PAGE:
An Experience to be Lived in Person Step by Step
I adore the panoramic view: when I find myself in a city, I can’t resist the temptation to climb to the top of any tower, palazzo, terrace or anything that will give me the possibility to admire the urban skyline from above. Not that I am a modern day Spider Man and can climb my way up the walls! Actually most historic buildings are open to the public, and I take advantage of the stairs (and when possible the elevator) to enjoy the vista - even in my hometown of Florence.
So if you are moderately in shape and heights don’t make your head spin, then I say: Prepare yourself for some breath taking experiences (and I don’t mean just for the climb). Making your way to the top of Giotto’s Campanile (an unmistakable symbol of Florence), will certainly be one of these memorable moments. From the lofty heights of the bell tower of the Cathedral Santa Maria del Fiore, you will find several glimpses of a suggestive landscape. Be prepared to sweat just a bit, because there 414 steps to reach the very top!
There are no elevators or other shortcuts that could help you out. In fact, the climb is not for those who suffer from heart problems, vertigo and claustrophobia.
For everyone else it is a workout, but if you set a calm pace and make use of the various terraces where you can stop, take photos, rest your legs and catch your breath.
At the top of the Tower a marvelous panoramic view of the city and the surrounding hills awaits you, not to mention a totally unique perspective from which you can admire the Cathedral and the Cupola of Brunelleschi.
Are you still unsure if you want to visit the Bell Tower? Well, it’s good to know that the the ticket for the Museum for the Duomo gives you access to all of the monuments connected to the Duomo (Cathedral, Cupola, Baptistery, Bell Tower, Crypt and the Museum) and it is valid for 72 hours once you make your first entrance.
Book Online for the Bell Tower and the Cathedral
More than 6 Centuries of History & 84 Meters in Height
The Campanile is a splendid example of Florentine Gothic architecture from the 1300’s.
It was started in 1334 when Giotto, one of the principle artists and architects of the time, began to build the bell tower for the church, placing it next to the church. Even though the bell tower is named after Giotto, he actually only worked on it for three years before his death.
Another famous bell tower you can visit in Tuscany is:
The Leaning Tower of Pisa
After the death of Giotto, the next person to work on the tower was Andrea Pisano, who following the original design, finished the first two floors and then it was completed in 1359 by Francesco Talenti, after the Black Plague interrupted the work done by Andrea. The rooftop terrace and the highest point where one can reach was actually an idea of Talenti.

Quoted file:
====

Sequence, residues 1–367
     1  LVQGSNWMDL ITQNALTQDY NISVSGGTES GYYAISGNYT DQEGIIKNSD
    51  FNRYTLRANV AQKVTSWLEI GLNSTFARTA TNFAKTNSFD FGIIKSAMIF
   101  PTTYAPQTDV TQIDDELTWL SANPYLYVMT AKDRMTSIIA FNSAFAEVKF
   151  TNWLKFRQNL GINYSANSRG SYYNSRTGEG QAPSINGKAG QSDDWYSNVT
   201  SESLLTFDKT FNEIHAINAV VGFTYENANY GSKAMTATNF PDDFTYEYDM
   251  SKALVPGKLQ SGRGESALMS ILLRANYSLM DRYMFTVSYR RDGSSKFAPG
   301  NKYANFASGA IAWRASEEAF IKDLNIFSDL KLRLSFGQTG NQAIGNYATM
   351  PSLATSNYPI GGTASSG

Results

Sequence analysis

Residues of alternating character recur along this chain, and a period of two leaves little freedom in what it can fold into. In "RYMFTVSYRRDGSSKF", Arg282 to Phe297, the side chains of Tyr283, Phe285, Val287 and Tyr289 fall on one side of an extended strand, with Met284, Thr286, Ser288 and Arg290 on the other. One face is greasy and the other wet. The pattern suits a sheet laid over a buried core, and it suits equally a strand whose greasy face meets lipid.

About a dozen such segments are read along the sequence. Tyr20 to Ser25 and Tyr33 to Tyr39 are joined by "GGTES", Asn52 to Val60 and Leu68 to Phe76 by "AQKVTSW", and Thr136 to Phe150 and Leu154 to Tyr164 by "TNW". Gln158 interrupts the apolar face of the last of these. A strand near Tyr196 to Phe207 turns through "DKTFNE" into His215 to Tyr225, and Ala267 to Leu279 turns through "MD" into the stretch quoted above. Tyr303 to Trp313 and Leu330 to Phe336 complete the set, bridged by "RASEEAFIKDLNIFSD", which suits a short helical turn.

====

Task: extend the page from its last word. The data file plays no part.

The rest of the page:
The square base is approximately 15 meters. The tower reaches 84,70 meters in height and stands next to the Duomo, with which it shares a similar facade made of red, white and green marble inlay.
The sculpted decorations on the outside of the tower are extremely rich in detail, in the form of a hexagon or a rhombus or diamond shape with bas relief carvings and life size statues.
The lozenges shaped carvings represent the concept of Universal order and the story of Redemption, while the relief carvings narrate the “Creation of Man” and the influence of the Planets upon Man's life, Man’s virtues and the they reflect the Liberal Arts and the Sacraments. There are also 16 life size statutes placed in various niches which are the composite work of several artists from the 1300 and 1400’s, including Andrea Pisano and Donatello.
Over time, these masterpieces have been substituted by copies, but the originals are on view at the Museo dell’Opera del Duomo and we suggest that you don’t miss the opportunity to admire them up close!
The Campanile has seven (7) bells. The largest of which is called Santa Reparata, in honor of the saint to which the original church was dedicated. The others are called: Misericordia, Apostolica (seen in the photo below), the Assunta, the Mater Dei, the Annunziata and the Immacolata, all these names are in some way tied to the Blessed Mother, and the dedication of the church named: Cattedrale di Santa Maria del Fiore.
Do you love the panoramic views too? Then Discover the other views you can visit in Florence.